Is the insulin you are using in a pen or a vial? I know with a pen, you can get some pretty small needles and injecting can be pretty much pain free, even in the abdomen. I'm telling you that as someone who had to be chased and held down to get any shot as a kid. I took insulin for a little while a few years ago and gave myself injections like there was nothing to it. My belly had the most fat, so that's where it went.

Best of luck and keep us posted, we'll help all we can.
 
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Discussion Starter · #4 ·
Hi, noranorma! Welcome to our site.

Thanks for trying to take care of your sister; it can be pretty challenging, as you're learning.

Our bodies produce glucose ("sugar") because our bodies need it for fuel. Most of what we eat can be turned into glucose by our bodies. But some people eat way more than they should and have too much glucose in their bodies. People who are diabetic have trouble maintaining a healthy amount of glucose: too much can damage organs and cause typical diabetic symptoms like nerve damage and heart and vision problems. So your sister really should be careful about how much food she eats that will produce too much glucose in her body. Her blood sugar tests are at levels which science shows causes damage to our bodies. Over time, that will not be a good outcome.

Most of the glucose our bodies produce comes from eating carbohydrates, which are found in many foods. It's more than just plain sugar. Anything made with flour (like ravioli) and foods like fruit, soda pop, and starchy vegetables like peas and potatoes all supply a lot of carbohydrates. Diabetics are smart to not eat so much of those foods.

It's hard to know what to do when someone can't motivate themselves enough to take care of themselves. It sounds like you've taken some steps which have worked for your sister. Canned ravioli is not a great food for diabetics to eat. However, certainly for now, it could be a treat for your sister if she can otherwise eat a more healthful diet.

What kind of medical help does your sister have that can help you keep her diabetes under better control? Lantus does not have to be injected in the abdomen; it can be injected into the upper thigh or upper arm as well. If that's easier for your sister to do, maybe you and your sister's medical providers should consider making that change.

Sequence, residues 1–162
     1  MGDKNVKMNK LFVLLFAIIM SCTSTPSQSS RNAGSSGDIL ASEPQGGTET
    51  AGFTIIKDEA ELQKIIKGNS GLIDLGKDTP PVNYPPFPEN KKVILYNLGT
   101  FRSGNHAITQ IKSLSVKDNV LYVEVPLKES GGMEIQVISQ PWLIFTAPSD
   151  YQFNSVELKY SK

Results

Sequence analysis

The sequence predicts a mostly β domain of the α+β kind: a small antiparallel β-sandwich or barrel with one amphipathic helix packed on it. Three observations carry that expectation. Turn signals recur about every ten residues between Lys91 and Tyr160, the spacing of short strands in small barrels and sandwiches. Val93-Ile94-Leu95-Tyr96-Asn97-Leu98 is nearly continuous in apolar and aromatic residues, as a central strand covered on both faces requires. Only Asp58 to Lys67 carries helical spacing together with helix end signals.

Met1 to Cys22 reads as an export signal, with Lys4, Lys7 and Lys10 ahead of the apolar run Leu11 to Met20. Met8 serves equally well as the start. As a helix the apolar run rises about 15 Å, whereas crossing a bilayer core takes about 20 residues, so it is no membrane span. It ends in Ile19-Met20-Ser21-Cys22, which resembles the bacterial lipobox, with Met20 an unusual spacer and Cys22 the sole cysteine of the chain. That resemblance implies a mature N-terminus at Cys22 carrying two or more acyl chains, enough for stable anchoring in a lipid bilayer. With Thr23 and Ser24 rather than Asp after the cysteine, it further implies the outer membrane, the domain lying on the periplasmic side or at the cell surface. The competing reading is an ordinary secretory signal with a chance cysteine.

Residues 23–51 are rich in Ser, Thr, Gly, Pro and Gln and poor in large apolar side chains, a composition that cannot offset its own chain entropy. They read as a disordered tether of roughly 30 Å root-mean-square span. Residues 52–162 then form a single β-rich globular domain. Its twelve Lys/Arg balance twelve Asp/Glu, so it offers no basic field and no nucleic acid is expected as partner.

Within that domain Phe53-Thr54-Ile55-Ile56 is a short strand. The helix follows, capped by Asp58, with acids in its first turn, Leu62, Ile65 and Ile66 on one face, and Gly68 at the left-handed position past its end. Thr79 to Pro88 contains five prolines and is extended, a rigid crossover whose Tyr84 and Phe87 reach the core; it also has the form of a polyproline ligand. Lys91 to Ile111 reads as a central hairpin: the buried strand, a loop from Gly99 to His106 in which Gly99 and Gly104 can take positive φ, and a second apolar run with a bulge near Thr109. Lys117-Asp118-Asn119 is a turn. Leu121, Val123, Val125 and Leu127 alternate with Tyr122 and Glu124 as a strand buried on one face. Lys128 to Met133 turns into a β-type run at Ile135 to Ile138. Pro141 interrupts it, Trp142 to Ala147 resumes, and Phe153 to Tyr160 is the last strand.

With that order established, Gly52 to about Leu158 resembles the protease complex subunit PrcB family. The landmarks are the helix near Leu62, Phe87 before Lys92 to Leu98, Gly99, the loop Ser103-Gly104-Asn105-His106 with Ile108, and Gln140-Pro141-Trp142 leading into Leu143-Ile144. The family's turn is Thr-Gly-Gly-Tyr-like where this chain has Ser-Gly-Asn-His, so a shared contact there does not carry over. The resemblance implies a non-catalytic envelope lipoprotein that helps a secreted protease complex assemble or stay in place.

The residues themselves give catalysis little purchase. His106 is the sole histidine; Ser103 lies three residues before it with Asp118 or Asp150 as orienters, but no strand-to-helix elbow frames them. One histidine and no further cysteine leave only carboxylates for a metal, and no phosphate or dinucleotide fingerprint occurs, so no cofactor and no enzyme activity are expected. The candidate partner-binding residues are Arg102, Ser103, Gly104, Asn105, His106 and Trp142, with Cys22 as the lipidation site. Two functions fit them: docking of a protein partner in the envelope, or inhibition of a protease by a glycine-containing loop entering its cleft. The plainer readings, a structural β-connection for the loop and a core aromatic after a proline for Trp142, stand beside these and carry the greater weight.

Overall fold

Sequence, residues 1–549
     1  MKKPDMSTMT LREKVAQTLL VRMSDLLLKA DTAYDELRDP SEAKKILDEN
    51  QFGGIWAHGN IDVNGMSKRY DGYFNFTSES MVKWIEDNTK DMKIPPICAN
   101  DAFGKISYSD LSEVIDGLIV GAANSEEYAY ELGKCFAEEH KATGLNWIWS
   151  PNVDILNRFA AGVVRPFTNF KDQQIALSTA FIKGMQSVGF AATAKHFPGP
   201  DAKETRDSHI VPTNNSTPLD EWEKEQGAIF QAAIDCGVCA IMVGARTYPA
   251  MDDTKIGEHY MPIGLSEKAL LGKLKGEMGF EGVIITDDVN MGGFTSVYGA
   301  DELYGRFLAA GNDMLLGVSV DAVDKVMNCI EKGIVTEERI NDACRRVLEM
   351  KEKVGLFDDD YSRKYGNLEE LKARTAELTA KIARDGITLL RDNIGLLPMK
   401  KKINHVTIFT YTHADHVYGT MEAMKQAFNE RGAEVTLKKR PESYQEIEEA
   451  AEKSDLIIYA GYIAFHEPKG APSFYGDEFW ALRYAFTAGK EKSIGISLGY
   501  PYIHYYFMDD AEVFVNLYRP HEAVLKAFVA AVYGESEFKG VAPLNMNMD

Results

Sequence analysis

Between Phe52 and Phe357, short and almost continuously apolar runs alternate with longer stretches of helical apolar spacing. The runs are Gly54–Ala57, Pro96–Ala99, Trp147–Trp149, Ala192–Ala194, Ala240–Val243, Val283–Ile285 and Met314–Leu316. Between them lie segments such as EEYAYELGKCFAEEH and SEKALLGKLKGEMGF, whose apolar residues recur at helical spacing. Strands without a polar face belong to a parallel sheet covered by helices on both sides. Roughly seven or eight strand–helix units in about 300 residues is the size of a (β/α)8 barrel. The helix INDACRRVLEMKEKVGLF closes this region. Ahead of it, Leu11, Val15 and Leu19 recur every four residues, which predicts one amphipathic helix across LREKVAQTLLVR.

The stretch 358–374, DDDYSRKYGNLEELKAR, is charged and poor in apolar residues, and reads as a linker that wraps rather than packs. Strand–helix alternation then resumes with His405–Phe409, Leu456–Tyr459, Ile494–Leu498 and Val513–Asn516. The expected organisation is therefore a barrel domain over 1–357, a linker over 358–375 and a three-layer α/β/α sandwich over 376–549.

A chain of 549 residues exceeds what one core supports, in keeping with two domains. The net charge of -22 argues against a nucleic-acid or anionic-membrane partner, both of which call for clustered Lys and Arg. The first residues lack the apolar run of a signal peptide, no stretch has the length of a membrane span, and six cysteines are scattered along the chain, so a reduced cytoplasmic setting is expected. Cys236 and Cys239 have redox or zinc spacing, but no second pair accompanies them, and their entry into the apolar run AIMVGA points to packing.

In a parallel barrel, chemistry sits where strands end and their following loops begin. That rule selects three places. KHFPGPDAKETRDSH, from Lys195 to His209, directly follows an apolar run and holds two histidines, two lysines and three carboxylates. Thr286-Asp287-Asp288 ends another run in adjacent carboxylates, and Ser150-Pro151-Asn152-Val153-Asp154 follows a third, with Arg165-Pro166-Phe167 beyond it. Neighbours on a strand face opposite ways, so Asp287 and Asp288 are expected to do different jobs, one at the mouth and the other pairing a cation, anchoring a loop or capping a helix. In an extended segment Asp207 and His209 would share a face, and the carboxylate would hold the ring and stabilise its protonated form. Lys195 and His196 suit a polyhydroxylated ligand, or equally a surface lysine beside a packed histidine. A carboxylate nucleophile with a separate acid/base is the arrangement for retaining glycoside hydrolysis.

I hope this information is helpful to you. Please let us know how else we can help you help your sister. We're not doctors, but we have lots of experience managing our diabetes and are willing to share what we know.
she has to see a physician in order to get her meds but for some reason her dr. only wants to see her every 3 mo
 

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Discussion Starter · #5 ·
Hi noranorma, welcome to the forum.

Ditto on what itissteve said, especially on the caregiving.

In regards to your question about if diabetics eat right, most of us are insulin resistant. Meaning we have to make more insulin that a non-diabetic, needing more than our pancreas can make eventually. If that goes on long enough and our blood sugar stays high enough, long enough, our pancreas may produce less and less. Thus the need for medication. The meds that make the pancreas produce more insulin, are then really useless and insulin may be needed. That is not saying eating right won't help, it can, if our pancreas can still produce enough insulin to take care of the carbs we eat. It may even be good enough to get off meds. It takes a lot of testing to get to that point because just going from not eating right to eating right usually does not instantly make a big change. Eventually you could quit testing as much once you get the diet fine tuned and test much less often, spot checking when eating something new or to make sure sure the diet (or your body) is still working as well as it was.

With the insulin shots, its best to not keep giving in the same spot every time. It can cause scarring and reduce the absorption of the insulin. So the spot needs to move around each time in the fatty areas of the thighs arms, or abdomen, never into muscle. It's recommended to move at least an inch away from the previous injection site.

Is the insulin you are using in a pen or a vial? I know with a pen, you can get some pretty small needles and injecting can be pretty much pain free, even in the abdomen. I'm telling you that as someone who had to be chased and held down to get any shot as a kid. I took insulin for a little while a few years ago and gave myself injections like there was nothing to it. My belly had the most fat, so that's where it went.

Best of luck and keep us posted, we'll help all we can.
thank you for the kinds words and info. we are using needles